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 Monday, 13 January, 2003, 08:44 GMT
US reaches out to N Korea
North Koreans in front of anti-US poster
North Koreans have rallied to support their government
The United States has said that it is willing to consider energy aid to Pyongyang if it gives up its nuclear programme.

James Kelly
Mr Kelly has been in talks with South Korean leaders
Assistant Secretary of State James Kelly, on a visit to South Korea, also reiterated Washington's willingness to hold talks with North Korea, in spite of Pyongyang's statement on Friday that it was pulling out of the nuclear Non-Proliferation Treaty (NPT).

Mr Kelly's visit came amid intense diplomatic efforts to defuse the crisis over North Korea's nuclear ambitions.

Mr Kelly hinted at energy aid following an hour of talks with South Korea's President-elect, Roh Moo-hyun.

"Once we get beyond nuclear weapons, there may be opportunities with the US, with private investors, with other countries to help North Korea in the energy area," Mr Kelly said.

Pyongyang has used a US-led decision to halt fuel shipments as its justification for reactivating a nuclear reactor, though analysts say the plant is too small to generate meaningful amounts of electricity.

The US-orchestrated decision was punishment for the North's alleged admission of a separate, enriched uranium programme in October.

Call for dialogue

Mr Kelly's offer follows calls by former American diplomat Bill Richardson, who has been in contact with North Korean officials, for the US administration to begin a dialogue.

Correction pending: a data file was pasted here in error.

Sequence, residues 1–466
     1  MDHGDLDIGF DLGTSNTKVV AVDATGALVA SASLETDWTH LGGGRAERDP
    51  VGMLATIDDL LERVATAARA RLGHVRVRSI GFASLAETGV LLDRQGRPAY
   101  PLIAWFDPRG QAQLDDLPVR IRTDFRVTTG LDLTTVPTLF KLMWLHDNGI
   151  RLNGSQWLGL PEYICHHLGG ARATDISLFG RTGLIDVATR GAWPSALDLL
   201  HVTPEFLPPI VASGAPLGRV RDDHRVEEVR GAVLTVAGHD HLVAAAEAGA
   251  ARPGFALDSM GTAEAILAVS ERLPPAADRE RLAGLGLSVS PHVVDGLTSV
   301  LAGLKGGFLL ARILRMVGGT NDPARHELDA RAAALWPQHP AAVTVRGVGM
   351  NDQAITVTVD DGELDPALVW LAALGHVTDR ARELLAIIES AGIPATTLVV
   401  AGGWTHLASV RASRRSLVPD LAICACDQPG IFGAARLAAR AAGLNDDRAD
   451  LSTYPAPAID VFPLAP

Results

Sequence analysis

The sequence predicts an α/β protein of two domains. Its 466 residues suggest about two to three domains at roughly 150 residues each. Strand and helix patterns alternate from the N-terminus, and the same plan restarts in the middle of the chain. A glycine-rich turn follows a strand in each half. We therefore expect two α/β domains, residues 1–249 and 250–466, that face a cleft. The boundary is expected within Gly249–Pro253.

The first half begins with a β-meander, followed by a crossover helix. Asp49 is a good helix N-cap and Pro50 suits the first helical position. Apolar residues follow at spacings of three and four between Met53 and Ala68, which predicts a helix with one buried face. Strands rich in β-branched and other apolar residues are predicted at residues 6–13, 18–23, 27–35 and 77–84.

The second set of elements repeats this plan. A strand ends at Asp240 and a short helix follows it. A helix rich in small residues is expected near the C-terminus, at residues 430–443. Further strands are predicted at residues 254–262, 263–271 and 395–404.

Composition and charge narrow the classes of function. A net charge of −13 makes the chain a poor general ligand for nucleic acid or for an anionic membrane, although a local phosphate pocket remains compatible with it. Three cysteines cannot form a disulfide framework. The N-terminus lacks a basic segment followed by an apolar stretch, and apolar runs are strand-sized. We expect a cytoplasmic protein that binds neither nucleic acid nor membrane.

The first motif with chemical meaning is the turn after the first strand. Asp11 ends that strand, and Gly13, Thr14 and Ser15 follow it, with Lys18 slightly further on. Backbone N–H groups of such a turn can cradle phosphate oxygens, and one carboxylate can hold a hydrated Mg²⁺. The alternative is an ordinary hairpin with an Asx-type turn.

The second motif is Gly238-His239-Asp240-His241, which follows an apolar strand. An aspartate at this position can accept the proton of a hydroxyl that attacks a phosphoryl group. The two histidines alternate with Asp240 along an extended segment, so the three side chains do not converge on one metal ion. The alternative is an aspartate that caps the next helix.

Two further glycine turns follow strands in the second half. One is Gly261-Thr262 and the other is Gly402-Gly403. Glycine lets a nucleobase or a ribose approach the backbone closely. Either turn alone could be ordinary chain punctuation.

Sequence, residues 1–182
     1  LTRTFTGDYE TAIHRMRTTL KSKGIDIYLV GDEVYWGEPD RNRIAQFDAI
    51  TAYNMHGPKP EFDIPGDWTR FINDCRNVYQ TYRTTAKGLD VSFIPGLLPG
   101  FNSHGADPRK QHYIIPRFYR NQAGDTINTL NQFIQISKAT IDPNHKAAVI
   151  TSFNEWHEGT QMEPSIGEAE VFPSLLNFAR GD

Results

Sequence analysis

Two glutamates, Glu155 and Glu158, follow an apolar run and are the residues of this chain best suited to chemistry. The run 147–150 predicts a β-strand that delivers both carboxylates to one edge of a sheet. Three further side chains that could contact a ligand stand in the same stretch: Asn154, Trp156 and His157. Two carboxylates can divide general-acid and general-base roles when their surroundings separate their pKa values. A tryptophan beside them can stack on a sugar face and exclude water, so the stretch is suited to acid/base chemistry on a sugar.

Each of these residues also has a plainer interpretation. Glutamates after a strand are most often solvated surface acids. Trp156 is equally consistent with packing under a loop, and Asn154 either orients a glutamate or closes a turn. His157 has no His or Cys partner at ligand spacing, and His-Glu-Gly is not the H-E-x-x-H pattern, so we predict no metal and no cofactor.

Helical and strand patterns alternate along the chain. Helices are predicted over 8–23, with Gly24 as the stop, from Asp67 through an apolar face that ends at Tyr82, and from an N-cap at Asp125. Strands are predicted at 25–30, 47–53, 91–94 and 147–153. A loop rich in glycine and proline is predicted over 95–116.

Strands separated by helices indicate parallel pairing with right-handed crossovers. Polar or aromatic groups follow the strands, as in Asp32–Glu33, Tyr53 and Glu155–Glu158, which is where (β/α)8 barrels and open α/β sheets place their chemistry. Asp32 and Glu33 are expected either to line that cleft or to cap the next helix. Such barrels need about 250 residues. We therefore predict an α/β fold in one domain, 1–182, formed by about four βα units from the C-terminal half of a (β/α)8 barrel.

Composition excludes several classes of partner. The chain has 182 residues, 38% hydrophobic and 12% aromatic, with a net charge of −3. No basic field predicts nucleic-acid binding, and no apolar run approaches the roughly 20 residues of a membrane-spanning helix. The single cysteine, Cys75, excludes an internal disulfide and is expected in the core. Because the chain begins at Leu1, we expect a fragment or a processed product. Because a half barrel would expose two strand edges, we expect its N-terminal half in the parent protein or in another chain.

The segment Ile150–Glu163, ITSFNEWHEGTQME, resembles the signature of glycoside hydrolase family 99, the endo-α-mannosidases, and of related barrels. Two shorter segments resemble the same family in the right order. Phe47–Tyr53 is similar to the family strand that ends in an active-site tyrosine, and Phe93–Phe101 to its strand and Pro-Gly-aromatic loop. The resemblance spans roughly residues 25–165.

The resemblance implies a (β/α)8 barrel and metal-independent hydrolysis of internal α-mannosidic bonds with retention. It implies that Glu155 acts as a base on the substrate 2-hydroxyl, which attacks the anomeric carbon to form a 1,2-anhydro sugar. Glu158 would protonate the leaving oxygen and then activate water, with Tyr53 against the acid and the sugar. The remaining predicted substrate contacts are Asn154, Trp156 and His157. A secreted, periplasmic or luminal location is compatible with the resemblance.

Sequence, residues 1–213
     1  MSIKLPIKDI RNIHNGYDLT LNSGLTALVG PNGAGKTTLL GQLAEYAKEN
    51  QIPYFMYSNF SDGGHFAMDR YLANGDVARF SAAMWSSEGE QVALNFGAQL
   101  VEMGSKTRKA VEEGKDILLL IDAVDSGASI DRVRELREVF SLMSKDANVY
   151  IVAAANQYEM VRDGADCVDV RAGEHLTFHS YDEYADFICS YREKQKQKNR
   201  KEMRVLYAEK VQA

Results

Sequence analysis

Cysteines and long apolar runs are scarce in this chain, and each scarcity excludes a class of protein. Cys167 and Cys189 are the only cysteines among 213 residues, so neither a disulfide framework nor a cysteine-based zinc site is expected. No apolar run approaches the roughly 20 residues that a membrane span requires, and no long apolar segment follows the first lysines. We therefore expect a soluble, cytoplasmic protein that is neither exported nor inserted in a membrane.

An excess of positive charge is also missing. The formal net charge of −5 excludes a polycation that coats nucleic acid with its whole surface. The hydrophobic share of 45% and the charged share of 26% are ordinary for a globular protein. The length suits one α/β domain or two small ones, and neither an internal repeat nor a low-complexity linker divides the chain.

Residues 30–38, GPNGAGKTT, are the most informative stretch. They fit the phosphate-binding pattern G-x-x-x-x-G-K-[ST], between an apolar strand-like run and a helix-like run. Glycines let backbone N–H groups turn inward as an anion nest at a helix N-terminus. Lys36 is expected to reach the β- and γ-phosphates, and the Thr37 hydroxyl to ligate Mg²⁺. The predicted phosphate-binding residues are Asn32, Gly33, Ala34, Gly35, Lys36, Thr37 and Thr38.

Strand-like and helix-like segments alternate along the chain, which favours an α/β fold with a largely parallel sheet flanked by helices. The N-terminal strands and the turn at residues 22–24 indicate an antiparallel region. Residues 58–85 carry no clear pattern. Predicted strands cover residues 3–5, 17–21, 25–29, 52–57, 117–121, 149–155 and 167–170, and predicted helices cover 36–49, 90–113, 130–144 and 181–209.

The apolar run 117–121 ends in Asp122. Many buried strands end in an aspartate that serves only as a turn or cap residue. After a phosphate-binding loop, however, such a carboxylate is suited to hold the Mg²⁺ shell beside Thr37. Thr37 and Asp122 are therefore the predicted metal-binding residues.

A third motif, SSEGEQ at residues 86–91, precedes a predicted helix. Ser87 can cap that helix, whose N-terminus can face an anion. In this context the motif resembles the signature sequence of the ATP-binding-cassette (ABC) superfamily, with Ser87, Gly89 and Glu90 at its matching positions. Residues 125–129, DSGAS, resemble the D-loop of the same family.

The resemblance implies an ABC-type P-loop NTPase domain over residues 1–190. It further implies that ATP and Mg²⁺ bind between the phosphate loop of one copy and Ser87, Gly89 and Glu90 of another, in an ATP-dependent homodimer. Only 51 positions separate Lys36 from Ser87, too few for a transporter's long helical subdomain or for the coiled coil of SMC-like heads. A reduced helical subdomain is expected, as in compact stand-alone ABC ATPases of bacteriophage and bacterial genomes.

Mr Richardson, who completed three days of unofficial talks on Saturday, said that the combative approach of Pyongyang masked a willingness to negotiate.

CRISIS CHRONOLOGY
Yongbyon nuclear facility
16 Oct: N Korea acknowledges secret nuclear programme, US says
14 Nov: Oil shipments to N Korea halted
22 Dec: N Korea removes monitoring devices at Yongbyon nuclear plant
26 Dec: UN says 1,000 fuel rods have been moved to the plant
31 Dec: UN nuclear inspectors leave North Korea
6 Jan: IAEA demands inspectors be readmitted and secret weapons programme halted
7 Jan: US "willing to talk" to North Korea
10 Jan: N Korea pulls out of nuclear treaty
11 Jan: Pyongyang suggests it could resume ballistic missile tests

"It's important that direct talks happen. I can't stress how important that is. And it can be at the technical level, low level," Mr Richardson, who met North Korean officials in New Mexico over the weekend, said on US ABC television.

"What I think the administration needs to do, with all due respect, is just pick up the phone, start the preliminary talks," he said.

Alarm over Pyongyang's nuclear programme has been growing since it reopened last month a nuclear plant that can be used to produce weapons-grade plutonium.

North Korea says the plant will be used to generate electricity.

Mr Richardson said that the United States should take account of the North Koreans' mindset.

"They don't negotiate like we do" he said.

"They believe in order to get something they have to lay out additional cards, step up the rhetoric, be more belligerent," he said.

  WATCH/LISTEN
  ON THIS STORY
  The BBC's Caroline Gluck
"North Korea is incredibly unpredictable"

Nuclear tensions

Inside North Korea

Divided peninsula

TALKING POINT
See also:

10 Jan 03 | Asia-Pacific
10 Jan 03 | Asia-Pacific
10 Jan 03 | Asia-Pacific
10 Jan 03 | Asia-Pacific
10 Jan 03 | Asia-Pacific
13 Jan 03 | Asia-Pacific
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